Oil prices have remained volatile since the initial attack on Saudi Arabia's oil facilities. Taking these geopolitical risks into consideration, analysts and shareholders alike have begun to consider how further spikes in oil prices would impact energy stocks. While it is easy to get wrapped up in the day-to-day developments shaping the oil and gas markets, it is also important to take a step back and look at things from a long-term perspective.
One energy stock I recently looked at is ConocoPhillips (NYSE:COP). The $284 billion energy giant undertook a significant shift back in 2012 when it split off its nondrilling business to focus only on upstream operations, differentiating itself from rival energy companies. Over the past six months, however, its share price has fallen by 17%. Following its recent decision to sell off its oil assets in the North Sea to focus on other areas, it will be interesting to see where ConocoPhillips will go in the future.
Breaking down recent news
The most recent development for ConocoPhillips was its decision to sell $2.7 billion in oil and gas assets in the North Sea. Production from these assets amounts to 72,000 barrels per day, a fair chunk of the company's total output of 1.29 million b/d.
The deal is part of the company's ongoing strategy to slim down and refocus on better-performing projects, as its total oil production has decreased significantly from the 1.55 million b/d seen back in 2014. The cash from the sale should also be a major boost to ConocoPhillips' balance sheet, which had around $8.5 billion in cash at the end of the second quarter of 2019 compared to total debt came in at around $14.9 billion.
Nor is ConocoPhillips the only energy giant to depart from the North Sea. Rival ExxonMobil (NYSE:XOM) announced earlier in the year that it was selling its own North Sea assets near Norway for $4.5 billion. These developments aren't surprising, since many energy giants have chosen to withdraw from the area to focus on other, more promising markets. The North Sea is transitioning into a region populated by numerous independent producers trying to see how much oil they can extract from the area's aging oil and gas deposits.
Where does ConocoPhillips go from here? For one thing, management mentioned that it has seen promising results from its Alaskan operations. After the Middle East, Europe/North Africa, and the lower United States, Alaska is the fourth-highest oil-producing region, but some exploration projects in the state are showing promise. In a conference call with analysts, management mentioned its appraisals in the Greater Willow Area and Narwhal, where initial test wells showed positive results. ConocoPhillips now plans to drill additional wells in these areas to see whether it will stumble across a major find.
However, ConocoPhillips' strategy isn't so much based on exploring new projects as it is about trimming the operational fat and increasing its internal margins. This is reflected in its decision to stay away from potentially expensive deals in the already crowded Permian Basin. Unlike many other energy giants that are rushing to acquire assets in the area, ConocoPhillips has promised to limit itself to $6 billion in capital expenditures this year. Instead, the company plans to stick to just making smaller deals, buying out neighboring properties and smaller assets.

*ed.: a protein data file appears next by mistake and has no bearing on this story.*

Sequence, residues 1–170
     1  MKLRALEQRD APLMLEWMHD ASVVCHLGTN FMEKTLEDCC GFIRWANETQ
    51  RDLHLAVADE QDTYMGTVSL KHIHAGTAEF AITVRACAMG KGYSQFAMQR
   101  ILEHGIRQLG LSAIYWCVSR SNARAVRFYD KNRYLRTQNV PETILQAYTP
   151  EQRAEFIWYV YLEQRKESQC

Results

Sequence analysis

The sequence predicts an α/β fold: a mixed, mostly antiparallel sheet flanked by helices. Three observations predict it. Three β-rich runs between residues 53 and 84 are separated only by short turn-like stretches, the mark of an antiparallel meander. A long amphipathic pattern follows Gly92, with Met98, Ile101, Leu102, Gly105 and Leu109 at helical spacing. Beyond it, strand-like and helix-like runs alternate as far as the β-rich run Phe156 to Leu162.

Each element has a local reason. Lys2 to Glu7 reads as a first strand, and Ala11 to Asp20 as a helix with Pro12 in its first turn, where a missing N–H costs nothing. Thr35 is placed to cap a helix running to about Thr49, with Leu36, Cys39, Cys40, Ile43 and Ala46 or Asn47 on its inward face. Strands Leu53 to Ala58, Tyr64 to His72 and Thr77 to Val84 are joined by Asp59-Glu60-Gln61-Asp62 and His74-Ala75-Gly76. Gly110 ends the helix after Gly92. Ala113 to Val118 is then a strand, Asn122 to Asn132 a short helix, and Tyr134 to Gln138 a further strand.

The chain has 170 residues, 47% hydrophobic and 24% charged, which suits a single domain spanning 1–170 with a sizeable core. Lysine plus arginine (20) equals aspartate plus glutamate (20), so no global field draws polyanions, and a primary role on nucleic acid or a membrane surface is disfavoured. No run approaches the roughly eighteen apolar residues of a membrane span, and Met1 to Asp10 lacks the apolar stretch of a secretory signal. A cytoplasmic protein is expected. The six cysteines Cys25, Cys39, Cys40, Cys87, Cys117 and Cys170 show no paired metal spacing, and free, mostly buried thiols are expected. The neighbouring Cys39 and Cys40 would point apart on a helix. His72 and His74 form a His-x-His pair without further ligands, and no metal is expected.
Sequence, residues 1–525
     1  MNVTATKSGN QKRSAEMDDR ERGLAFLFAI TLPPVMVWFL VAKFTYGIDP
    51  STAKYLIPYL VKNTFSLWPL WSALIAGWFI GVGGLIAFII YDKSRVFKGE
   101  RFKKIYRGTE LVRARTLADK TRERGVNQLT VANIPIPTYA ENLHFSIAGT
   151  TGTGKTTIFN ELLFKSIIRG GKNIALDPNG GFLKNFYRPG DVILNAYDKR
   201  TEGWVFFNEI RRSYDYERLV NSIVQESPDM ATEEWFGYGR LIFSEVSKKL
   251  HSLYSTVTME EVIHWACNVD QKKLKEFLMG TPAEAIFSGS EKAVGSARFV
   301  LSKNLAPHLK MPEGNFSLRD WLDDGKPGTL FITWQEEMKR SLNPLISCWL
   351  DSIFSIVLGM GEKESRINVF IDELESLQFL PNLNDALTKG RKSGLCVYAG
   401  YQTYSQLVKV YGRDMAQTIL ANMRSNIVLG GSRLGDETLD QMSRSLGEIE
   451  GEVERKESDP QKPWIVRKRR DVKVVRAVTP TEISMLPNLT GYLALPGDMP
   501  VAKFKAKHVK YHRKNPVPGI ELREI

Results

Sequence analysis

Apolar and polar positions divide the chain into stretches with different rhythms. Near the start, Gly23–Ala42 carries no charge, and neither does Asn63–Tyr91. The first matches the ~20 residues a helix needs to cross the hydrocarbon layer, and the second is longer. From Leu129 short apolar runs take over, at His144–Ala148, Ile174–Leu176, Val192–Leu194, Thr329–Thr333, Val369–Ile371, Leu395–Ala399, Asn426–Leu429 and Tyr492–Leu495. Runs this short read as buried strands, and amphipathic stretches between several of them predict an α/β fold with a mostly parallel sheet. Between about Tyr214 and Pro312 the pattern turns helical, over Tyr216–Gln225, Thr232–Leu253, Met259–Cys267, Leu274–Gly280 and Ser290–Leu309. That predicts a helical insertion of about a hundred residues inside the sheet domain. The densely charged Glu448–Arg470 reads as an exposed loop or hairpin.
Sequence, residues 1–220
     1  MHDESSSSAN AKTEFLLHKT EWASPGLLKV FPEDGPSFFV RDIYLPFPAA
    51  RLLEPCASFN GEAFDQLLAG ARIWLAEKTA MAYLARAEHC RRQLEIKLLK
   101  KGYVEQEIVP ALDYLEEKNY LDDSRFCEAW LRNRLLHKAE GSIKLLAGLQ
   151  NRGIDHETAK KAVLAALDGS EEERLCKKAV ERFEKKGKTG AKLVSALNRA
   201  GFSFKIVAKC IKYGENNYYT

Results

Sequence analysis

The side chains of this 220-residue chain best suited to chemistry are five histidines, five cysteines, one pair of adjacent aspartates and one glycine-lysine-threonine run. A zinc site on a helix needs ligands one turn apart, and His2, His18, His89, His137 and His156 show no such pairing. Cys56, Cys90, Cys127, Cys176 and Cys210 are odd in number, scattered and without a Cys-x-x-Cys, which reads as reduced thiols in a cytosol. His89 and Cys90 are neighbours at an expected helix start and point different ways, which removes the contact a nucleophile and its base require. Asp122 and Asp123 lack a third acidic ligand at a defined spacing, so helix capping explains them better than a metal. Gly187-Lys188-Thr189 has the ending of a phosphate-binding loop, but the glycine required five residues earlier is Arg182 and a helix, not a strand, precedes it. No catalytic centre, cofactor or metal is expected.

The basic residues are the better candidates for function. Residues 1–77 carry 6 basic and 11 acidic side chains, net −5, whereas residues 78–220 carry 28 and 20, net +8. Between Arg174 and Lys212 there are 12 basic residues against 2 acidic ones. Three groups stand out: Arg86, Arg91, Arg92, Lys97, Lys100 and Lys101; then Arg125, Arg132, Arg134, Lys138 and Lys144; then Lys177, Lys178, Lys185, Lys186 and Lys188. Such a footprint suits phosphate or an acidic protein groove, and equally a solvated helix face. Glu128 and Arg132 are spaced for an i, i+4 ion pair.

Understanding the financials
From a financial perspective, ConocoPhillips is well cushioned financially should the oil markets turn for the worse. Below, I've included a chart summarizing ConocoPhillips' revenues, debt, and overall cash trends over a couple of years.
|Q3 2017||Q4 2017||Q1 2018||Q2 2018||Q3 2018||Q4 2018||Q1 2019||Q2 2019|
Investors can see that most of the company's metrics have been steadily improving. Net income has nearly quadrupled from over the past couple of years, while ConocoPhillips' debt dropped by almost a quarter. With its cash reserves also growing over the past year, now likely to surpass their 2017 levels when including this recent $2.7 billion sale, ConocoPhillips is one of the more impressive energy giants in the markets today from a financial perspective.
Currently, its stock is trading at a price-to-earnings ratio of just over 10. ExxonMobil (NYSE:XOM) and Chevron (NYSE:CVX) look more expensive with earnings multiple between 14 and 15. Firms with more modest valuations, such as Royal Dutch Shell (NYSE:RDS-A) and Albemarle (NYSE:ALB), are trading near the same level as ConocoPhillips, with P/E ratios between 10 and 11.
The one area in which ConocoPhillips comes up short in comparison to its peers is its dividend. Back in 2016, the company had a dividend payout of around 9% before it fell to its current 2.3%. In comparison, ExxonMobil is offering a 5.1% dividend, which is much more appealing to dividend investors.
Should you buy ConocoPhillips?
In the end, ConocoPhillips isn't really a company looking to impress investors with exciting projects or raw production growth. What it's trying to do is make itself one of the best-run oil companies in the market. Considering how its financials have steadily improved over the past couple of years, making a compelling case for its stock is pretty easy.
The only thing missing for me is a higher dividend from ConocoPhillips, but it's conceivable that management could up its yield as net income continues to improve and debts decline. Warren Buffett always suggests buying great businesses at the right price. By this philosophy, I'd argue that ConocoPhillips passes with flying colors and is a solid cornerstone of any energy investor's portfolio.